Consumer confidence eased in October, reports The Conference Board in its Consumer Confidence Index. After showing a moderate increase in September, rising to 102.6, the index slipped to 97.6 in October.

Lynn Franco, director of economic indicators at The Conference Board, says, “Consumers were less positive in their assessment of present-day conditions, in particular the job market, and were moderately less optimistic about the short-term outlook. Despite the decline, consumers still rate current conditions favorably, but they do not anticipate the economy strengthening much in the near-term.”

The percentage of consumers describing business conditions as “good” decreased in October from 28.1 percent to 26.5 percent, while those claiming business conditions are “bad” increased from 16.4 percent to 18.3 percent. Consumers’ outlook on the job market also soured, with the percentage of those stating jobs are “plentiful” slipping from 24.8 percent in September to 22.2 percent, while those claiming jobs are “hard to get” ticked up to 25.8 percent from 24.9 percent.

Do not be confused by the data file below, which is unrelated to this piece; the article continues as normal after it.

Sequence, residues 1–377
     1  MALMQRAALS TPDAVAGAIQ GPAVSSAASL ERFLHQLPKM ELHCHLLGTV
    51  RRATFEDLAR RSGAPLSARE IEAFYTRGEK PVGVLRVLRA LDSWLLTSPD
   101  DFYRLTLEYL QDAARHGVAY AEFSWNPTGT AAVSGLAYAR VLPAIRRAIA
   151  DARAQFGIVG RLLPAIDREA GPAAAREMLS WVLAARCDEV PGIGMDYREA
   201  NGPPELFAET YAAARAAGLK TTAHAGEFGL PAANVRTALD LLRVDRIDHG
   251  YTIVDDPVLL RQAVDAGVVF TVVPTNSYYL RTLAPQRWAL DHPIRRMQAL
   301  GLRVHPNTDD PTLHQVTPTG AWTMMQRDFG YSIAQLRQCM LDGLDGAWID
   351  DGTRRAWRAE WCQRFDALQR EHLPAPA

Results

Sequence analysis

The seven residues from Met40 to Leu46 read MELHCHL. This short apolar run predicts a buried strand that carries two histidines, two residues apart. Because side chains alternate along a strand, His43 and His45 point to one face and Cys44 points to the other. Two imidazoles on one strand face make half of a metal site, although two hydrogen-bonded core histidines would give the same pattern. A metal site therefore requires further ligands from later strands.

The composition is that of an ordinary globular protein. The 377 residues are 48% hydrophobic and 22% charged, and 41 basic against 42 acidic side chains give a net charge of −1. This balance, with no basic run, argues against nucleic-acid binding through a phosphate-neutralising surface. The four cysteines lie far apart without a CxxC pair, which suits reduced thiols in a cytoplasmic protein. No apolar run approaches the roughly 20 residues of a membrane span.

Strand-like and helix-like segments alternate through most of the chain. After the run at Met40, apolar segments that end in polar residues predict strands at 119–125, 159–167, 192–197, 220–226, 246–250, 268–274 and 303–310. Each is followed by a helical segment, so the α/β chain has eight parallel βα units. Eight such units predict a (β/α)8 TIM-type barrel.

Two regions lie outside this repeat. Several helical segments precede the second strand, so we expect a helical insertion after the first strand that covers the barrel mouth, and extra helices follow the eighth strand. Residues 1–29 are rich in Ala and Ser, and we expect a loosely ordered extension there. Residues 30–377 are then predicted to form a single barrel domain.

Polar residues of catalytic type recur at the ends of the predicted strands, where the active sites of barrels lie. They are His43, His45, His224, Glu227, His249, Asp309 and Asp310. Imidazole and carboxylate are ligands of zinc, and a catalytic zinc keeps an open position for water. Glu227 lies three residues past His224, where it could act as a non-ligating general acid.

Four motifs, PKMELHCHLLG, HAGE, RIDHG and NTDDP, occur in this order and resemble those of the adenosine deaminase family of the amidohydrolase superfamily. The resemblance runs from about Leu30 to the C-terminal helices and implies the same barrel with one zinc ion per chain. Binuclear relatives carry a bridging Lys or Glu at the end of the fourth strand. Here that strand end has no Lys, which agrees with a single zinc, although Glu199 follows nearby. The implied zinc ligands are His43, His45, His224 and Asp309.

Optimism about the short-term outlook was subdued in October. The percentage of consumers expecting business conditions to improve over the next six months remained unchanged in October at 18.1 percent, while those expecting business conditions to worsen eased up to 10.6 percent from 10.4 percent.

The outlook for the labor market has also grown less optimistic. Consumers expecting more jobs in the coming months slipped from 14.9 percent to 14.5 percent in October, and those predicting fewer jobs increased from 15.9 percent to 16.9 percent. Furthermore, the percentage of consumers anticipating their incomes to increase eased from 18.7 percent to 18 percent, while the number predicting a decline grew from 9.9 percent to 10.7 percent.